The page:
{ ... serviceConnectConfiguration: { enabled: true, namespace: "internal", #config for client services can end here, only these two parameters are required. services: [{ portName: "http" }, #minimal client - server service config can end here.portName must match the "name" parameter of a port mapping in the task definition. { discoveryName: "http-second" #name the discoveryName to avoid a Task def port name collision with the minimal config in the same Cloud Map namespace portName: "http" }, { clientAliases: [{ dnsName: "db", port: 81 }] #use when the port in Task def is not the port that client apps use.Client apps can use http: //db:81 to connect discoveryName: "http-three" portName: "http" }, { clientAliases: [{ dnsName: "db.app", port: 81 }] #use when the port in Task def is not the port that client apps use.duplicates are fine as long as the discoveryName is different. discoveryName: "http-four" portName: "http", ingressPortOverride: 99 #If App should also accept traffic directly on Task def port. } ] } }

Deployment order

When you use Amazon ECS Service Connect, you configure each Amazon ECS service either to run a server application that receives network requests (client-server service) or to run a client application that makes the requests (client service).

When you prepare to start using Service Connect, start with a client-server service. You can add a Service Connect configuration to a new service or an existing service. After you edit and update an Amazon ECS service to add a Service Connect configuration, Amazon ECS creates a Service Connect endpoint in the namespace. Additionally, Amazon ECS creates a new deployment in the service to replace the tasks that are currently running.

Existing tasks and other applications can continue to connect to existing endpoints, and external applications. If a client-server service adds tasks by scaling out, new connections from clients will be balanced between all of the tasks immediately. If a client-server service is updated, new connections from clients will be balanced between the tasks of the new version immediately.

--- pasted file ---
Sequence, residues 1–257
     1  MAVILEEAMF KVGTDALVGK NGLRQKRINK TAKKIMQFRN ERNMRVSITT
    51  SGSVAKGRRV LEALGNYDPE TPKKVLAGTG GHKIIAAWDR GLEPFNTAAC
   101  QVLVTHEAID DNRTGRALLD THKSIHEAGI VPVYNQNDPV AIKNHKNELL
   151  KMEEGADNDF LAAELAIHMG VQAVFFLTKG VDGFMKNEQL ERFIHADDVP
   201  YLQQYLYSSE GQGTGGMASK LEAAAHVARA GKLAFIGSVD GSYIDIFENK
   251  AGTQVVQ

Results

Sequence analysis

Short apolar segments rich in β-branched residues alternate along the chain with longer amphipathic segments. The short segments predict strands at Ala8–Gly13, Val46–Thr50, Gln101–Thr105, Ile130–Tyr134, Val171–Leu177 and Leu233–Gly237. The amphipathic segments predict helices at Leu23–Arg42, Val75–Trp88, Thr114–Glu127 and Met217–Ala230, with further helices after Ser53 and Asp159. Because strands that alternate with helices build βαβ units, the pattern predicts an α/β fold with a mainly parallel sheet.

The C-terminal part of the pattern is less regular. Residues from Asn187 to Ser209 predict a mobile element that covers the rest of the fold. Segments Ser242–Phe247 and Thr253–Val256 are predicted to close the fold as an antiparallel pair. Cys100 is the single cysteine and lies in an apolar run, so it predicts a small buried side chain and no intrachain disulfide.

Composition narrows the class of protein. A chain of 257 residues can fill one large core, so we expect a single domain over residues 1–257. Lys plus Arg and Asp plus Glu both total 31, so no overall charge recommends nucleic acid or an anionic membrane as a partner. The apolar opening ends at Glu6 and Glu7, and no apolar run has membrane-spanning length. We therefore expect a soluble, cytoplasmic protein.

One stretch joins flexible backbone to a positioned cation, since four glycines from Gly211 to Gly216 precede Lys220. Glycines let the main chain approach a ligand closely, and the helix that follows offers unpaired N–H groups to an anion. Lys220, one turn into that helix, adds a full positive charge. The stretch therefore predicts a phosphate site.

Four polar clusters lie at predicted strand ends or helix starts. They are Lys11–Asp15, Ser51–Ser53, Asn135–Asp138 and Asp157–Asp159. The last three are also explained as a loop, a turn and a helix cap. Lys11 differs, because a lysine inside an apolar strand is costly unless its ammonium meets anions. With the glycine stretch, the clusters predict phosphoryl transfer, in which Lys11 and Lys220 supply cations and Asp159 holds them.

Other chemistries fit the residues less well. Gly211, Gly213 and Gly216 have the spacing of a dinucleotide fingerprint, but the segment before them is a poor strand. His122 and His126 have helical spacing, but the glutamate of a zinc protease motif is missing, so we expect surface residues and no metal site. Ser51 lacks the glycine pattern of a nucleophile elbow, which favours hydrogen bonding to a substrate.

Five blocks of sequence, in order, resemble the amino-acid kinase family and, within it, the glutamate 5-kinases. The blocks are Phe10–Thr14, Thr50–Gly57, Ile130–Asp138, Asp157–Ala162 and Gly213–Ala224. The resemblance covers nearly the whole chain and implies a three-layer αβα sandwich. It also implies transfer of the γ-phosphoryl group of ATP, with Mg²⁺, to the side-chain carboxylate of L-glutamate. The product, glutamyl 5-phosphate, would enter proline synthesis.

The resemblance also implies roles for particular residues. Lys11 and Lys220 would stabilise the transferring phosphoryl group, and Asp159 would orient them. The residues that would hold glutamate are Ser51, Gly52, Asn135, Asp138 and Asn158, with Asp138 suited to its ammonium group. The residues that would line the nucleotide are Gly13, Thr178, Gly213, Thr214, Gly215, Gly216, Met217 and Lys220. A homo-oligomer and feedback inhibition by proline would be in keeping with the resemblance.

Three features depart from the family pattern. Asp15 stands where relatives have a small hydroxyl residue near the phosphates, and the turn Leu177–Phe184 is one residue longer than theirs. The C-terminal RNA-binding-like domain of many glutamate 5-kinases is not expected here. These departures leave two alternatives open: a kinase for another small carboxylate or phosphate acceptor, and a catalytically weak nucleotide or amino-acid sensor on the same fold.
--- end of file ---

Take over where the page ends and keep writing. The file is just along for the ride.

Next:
Existing tasks can't resolve and connect to the new endpoint. Only new Amazon ECS tasks that have a Service Connect configuration in the same namespace and that start running after this deployment can resolve and connect to this endpoint. For example, an Amazon ECS service that runs a client application must be redeployed to connect to a new database server endpoint. Start the client deployment after the deployment completes for the server.

This means that the operator of the client application determines when the configuration of their app changes, even though the operator of the server application can change their configuration at any time. The list of endpoints in the namespace can change every time that any Amazon ECS service in the namespace is deployed, but existing tasks and replacement tasks continue to behave the same as they did after the most recent deployment.

Consider the following examples.

First, assume that you are creating an application that is available to the public internet in a single Amazon CloudFormation template and single Amazon CloudFormation stack. The public discovery and reachability should be created last by Amazon CloudFormation, including the frontend client service. The services need to be created in this order to prevent an time period when the frontend client service is running and available the public, but a backend isn't. This eliminates error messages from being sent to the public during that time period. In Amazon CloudFormation, you must use the dependsOn to indicate to Amazon CloudFormation that multiple Amazon ECS services can't be made in parallel or simultaneously. You should add the dependsOn to the frontend client service for each backend client-server service that the client tasks connect to.